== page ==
Before I walk you through today’s delicious porcini, eddoe & chive frittata, let me first provide some context: one of my favourite culinary discoveries is the versatility of eggs. Yup, plain ol’ eggs. I know, I know, big whoop for many of you already familiar with this magical wonderland. But for someone who’s grown up with a father who doesn’t cook and is absolutely, madly, forever and ever in love with eggs and a mother who is a nothing short of a miracle worker in the kitchen and despises eggs absolutely, madly and for ever, things can get a little tricky – egg-wise.
For many years, I knew eggs only to be used in recipes in an assisting capacity. When making an appearance on their own, they’d almost always end up looking like a mess. Like, literally: my mom only made one egg-centered dish, her own non-enthusiastic interpretation of an omelette, which was basically eggs scrambled hastily with random bits and bobs thrown in there. So when I started cooking, eggs were nowhere to be found. I didn’t buy them, didn’t cook with them, didn’t eat them. Like almost never. And then I moved to London. And became almost, kinda, a little obsessed with eggs.
Oh happy day! Discovering all the beautiful dishes one can make with eggs (deviled! baked!), along with all the magical ways in which eggs can transform a recipe was a such a revelation to me- no joke! I was hooked- much to my dad’s delight (and my mom’s indifference) and nowadays there’s absolutely no way in hell there won’t be eggs in the fridge and on the plate at least a couple times a week. Poached eggs are usually my go to, but I’ve also been really getting into omelettes and frittatas.
The former I keep for casual, everyday meals, whereas frittatas tend to appear when I’m craving a fluffier, more filling dish, featuring a number of delicious extras. Here, I’ve used porcini and eddoes, a combination which came together quite randomly, but has quickly become a favourite one. Porcinis are always a treat and can completely transform any dish, from a simple risotto, to an all butter puff pastry pie; eddoes on the other hand are quite a recent discovery. I first picked them a few months back intrigued by their peculiar appearance and once I used them, I was hooked. Raw, they’re a little slimy, but when cooked, they are quite similar to a potato in texture and tasty, but with a slightly sweeter, nuttier taste.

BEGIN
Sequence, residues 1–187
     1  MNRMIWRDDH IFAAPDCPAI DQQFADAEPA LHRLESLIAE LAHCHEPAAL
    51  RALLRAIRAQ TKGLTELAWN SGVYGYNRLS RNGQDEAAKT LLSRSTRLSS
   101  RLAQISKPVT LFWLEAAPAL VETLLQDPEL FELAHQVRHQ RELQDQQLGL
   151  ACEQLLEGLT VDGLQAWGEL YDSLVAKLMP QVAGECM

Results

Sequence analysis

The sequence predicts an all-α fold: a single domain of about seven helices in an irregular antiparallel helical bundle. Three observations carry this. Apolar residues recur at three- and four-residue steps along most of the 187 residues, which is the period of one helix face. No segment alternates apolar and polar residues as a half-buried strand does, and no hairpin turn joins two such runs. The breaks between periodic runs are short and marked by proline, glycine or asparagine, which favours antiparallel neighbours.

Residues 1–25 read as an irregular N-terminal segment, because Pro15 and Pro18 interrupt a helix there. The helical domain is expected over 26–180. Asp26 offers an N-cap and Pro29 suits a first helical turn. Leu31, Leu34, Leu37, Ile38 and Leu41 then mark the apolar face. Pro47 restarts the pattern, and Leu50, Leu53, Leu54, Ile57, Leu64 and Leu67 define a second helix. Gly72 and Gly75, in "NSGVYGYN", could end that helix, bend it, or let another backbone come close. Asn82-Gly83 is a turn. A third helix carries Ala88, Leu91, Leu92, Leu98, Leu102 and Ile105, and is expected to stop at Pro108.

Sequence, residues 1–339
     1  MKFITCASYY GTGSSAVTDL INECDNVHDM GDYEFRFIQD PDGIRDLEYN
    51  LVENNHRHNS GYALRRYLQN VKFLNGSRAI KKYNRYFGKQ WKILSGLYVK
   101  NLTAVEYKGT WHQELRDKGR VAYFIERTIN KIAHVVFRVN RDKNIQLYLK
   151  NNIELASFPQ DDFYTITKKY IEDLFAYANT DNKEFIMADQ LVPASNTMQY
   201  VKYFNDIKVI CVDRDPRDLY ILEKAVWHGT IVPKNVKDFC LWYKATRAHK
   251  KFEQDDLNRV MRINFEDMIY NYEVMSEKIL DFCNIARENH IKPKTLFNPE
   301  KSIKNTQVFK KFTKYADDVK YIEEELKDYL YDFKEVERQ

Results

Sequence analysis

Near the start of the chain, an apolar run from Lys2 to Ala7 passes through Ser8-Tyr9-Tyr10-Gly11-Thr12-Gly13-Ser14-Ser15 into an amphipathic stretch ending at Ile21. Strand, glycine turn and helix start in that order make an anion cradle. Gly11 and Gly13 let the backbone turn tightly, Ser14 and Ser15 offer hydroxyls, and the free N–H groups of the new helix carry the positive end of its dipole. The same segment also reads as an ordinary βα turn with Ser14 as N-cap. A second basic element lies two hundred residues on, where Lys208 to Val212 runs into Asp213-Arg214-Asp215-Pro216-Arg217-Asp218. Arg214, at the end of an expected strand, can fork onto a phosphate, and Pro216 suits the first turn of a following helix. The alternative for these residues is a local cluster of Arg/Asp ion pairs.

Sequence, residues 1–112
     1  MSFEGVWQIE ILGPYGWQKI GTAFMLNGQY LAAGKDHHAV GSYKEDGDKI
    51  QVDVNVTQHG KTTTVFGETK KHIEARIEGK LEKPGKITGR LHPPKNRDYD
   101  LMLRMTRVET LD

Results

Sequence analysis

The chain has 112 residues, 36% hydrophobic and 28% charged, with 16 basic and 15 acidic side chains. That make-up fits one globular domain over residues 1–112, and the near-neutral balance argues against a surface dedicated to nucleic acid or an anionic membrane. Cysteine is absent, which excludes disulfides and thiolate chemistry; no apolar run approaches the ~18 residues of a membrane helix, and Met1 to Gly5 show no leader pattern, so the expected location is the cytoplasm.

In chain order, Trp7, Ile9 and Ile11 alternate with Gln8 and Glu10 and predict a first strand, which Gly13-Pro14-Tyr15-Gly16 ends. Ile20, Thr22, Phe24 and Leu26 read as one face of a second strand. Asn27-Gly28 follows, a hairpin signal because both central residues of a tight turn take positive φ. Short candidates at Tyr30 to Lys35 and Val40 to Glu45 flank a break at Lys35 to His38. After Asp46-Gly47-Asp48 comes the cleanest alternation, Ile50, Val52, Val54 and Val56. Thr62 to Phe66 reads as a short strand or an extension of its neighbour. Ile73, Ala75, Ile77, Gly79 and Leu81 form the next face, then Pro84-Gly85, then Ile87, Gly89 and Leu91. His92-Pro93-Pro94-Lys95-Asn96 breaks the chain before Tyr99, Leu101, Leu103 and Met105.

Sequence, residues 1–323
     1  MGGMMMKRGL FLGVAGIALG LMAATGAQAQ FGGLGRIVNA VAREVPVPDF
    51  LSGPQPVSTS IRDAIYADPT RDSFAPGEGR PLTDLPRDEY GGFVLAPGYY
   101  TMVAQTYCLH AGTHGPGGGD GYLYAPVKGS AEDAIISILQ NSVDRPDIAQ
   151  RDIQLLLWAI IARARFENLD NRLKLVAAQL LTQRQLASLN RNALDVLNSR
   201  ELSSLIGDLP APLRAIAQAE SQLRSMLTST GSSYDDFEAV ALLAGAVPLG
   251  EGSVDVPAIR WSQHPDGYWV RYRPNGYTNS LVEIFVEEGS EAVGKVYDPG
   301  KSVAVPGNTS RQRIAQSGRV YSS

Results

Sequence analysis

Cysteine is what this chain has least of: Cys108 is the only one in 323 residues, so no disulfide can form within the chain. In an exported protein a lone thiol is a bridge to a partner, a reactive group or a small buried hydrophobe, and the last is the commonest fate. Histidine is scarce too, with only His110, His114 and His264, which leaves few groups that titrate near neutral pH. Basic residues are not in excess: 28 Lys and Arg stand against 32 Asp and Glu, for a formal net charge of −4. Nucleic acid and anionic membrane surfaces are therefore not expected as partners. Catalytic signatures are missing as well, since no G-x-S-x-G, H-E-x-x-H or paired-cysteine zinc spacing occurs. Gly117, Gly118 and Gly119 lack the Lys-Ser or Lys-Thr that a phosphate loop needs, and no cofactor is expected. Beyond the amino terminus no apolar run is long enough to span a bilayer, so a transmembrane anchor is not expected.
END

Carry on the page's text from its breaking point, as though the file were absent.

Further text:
As such, they complement the intense procini flavour perfectly. Along with the addition of fresh green onions, some garlic and lots of minced chives, and combined with a whole lotta eggs, they make for a delicious frittata, salty and only very slightly sweet, fluffy and pretty. Yay for eggs, the gift that keeps on giving!
500 gr porcini
3 large eddoes
2 tablespoons olive oil, divided
3 large spring onions, roughly chopped
1 1/2 teaspoon minced garlic
2 1/2 tablespoons chives, minced
8 large eggs
2 tablespoons milk
sea salt and freshly ground pepper to taste
Soak the porcini in plenty of room temperature water for 30′.
Peel the eddoes with a small sharp knife and run under plenty of water. Slice quite thickly and place in a pot of salted boiling water. Boil until just fork tender- about 12′, drain and set aside.
Preheat the oven to 180C (160C for air).
Place the eggs in a large bowl and beat well. Add sea salt flakes to taste and plenty of freshly ground black pepper and set aside.
Warm a large non stick frying pan over medium-high heat and add 1 tablespoon of the olive oil. Fry the onions for about 5′, until soft and add the minced garlic. Fry for another 2′, add the chives and add to the beaten eggs, mixing to combine.
Drain the porcini, reserving their water* and run them under plenty of cold water. Strain and gently pat dry.
Add the remaining tablespoon of olive oil to the pan and then give the eddoes a quick fry, for about 2′ on each side, until golden.
Pour the beaten eggs & onions over the eddoes and place in the preheated oven. Cook for 20′, until the eggs are cooked, golden brown and puffed.
Carefully remove from the oven, allow to cook slightly and serve.
*You can use the leftover water from the porcini in risottos, sauces or to make stock. Before you use it (or store in the fridge for future use), strain through a coffee filter or kitchen towel to get rid of any leftover grit.